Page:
The focus of Benedicto’s work is primarily on power structures within societies: the stratifications that create and reflect income and other types of disparity. Those types of structural inequalities are most visible in developing nations like the Philippines but they also exist in wealthy countries like the United States, Canada, and Britain. Structural inequalities exist between the “haves and have nots” but also between other binaries such as men/women and gay/straight. Benedicto shows how ironic it is that the gay subculture in the Philippines subverts the gay/straight hierarchy. Typically gays are the underclass versus the dominant straight culture. In the context of developing nations, the gays become associated or linked with the upper class and therefore the gay community participates in the preservation of status quo social hierarchies. Benedicto also shows how the structural inequities are more pronounced in a country in which those hierarchies reveal stark differences between the classes, such as by describing the slums versus the posh nightclubs in Manila. What Benedicto fails do achieve is a cogent explication of the way the male/female binary also reflects an important social hierarchy, and how the gay subculture fails to subvert this binary as well. Just as gay subculture in the Philippines reinforces existing social stratifications related to socio-economic class, gay subculture also reinforces existing social stratifications related to male/female. After all, the gay male subculture is still male and masculine. It presumes authority and dominance, rather than assuming gender neutrality.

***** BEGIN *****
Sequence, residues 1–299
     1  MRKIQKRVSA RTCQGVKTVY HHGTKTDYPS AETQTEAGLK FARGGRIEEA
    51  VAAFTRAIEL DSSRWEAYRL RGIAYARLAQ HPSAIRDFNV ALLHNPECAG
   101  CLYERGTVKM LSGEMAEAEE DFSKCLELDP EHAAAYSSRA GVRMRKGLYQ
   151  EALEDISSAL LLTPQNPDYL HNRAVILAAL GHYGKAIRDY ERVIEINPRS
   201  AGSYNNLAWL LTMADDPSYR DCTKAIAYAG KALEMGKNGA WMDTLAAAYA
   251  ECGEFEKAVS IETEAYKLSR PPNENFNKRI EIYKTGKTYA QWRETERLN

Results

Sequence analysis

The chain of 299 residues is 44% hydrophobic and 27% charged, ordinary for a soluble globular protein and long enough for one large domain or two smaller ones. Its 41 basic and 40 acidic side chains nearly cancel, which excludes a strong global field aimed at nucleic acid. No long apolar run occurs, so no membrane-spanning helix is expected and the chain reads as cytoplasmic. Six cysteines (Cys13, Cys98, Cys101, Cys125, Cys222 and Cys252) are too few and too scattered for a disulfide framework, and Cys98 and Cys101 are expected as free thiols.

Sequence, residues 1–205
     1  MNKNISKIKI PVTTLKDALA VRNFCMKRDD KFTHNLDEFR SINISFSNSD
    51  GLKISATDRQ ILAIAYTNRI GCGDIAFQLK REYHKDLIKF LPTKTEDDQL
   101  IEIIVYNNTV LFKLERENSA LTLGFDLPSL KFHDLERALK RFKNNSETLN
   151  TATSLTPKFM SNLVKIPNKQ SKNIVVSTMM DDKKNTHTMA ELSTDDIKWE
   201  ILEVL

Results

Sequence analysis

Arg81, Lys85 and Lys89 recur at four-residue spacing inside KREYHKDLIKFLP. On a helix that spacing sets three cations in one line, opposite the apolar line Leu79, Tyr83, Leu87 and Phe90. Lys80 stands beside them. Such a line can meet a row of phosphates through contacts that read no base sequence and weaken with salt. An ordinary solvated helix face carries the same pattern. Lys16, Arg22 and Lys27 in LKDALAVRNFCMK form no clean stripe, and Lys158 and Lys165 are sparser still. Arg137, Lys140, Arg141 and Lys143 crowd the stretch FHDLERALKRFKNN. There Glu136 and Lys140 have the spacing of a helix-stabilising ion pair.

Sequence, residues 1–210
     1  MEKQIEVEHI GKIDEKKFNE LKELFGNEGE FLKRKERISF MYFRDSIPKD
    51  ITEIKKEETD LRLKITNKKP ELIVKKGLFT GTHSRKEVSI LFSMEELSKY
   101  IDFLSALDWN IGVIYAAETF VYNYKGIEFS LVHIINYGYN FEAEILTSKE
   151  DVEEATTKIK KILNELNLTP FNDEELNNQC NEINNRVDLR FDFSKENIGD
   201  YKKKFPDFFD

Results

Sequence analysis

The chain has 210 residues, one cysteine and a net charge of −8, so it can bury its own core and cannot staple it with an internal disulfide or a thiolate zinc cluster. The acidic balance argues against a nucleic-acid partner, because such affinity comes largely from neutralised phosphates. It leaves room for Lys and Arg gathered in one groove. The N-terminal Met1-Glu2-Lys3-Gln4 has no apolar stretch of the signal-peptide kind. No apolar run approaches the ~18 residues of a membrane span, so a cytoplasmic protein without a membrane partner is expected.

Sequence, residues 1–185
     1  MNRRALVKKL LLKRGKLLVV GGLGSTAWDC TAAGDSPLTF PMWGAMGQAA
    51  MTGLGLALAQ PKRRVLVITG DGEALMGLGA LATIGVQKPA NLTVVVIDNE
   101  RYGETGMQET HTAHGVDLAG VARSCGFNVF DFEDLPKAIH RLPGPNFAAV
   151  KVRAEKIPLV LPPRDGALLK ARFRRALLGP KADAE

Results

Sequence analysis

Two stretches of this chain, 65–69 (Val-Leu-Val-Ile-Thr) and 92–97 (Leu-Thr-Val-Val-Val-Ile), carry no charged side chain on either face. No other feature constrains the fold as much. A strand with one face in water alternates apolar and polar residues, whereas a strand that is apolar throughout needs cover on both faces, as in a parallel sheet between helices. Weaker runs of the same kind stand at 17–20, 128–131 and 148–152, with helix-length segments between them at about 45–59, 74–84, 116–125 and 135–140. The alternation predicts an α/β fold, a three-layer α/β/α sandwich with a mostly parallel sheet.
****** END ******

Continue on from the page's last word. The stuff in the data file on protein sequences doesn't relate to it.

Lucal’s (1999) experiences with “gender blending” offers a rich point of comparison and contrast with Benedicto’s experience in the Philippines. Whereas Benedicto does not fully realize his male privilege, Lucal (1999) absolutely does recognize the ways she is treated with more “respect” and “fairness” when she is perceived as male (p. 788). As someone in the position of commenting on what it is like to be treated as both male and female, Lucal (1999) is in a better position to comment about gender hierarchies than Benedicto. Benedicto does not totally avoid discussing matters related to transgender/cisgender binaries or gender bending/gender blending. Yet the author would do well to discuss the social stratification issues within a broader gender studies perspective. Faust-Sterling (2000) points out the difficulties that individuals face when they do not conform to standard roles and norms of their gender. Those difficulties are experienced often as severe psychological or social trauma. The Philippines as a predominantly Catholic nation professes the “idealized, Platonic, biological world” propagated by the Christian bible in which “human beings are divided into two kinds,” (Fausto-Sterling, 2000, p. 19). Those who fail to fit into these two kinds are ostracized, occasionally even from the gay community itself. As Diamond (2002) clearly explicates, there is a huge difference between sexual orientation and gender identity. They are connected topics because both gender identity and sexual orientations have normative and deviant categories and classification systems.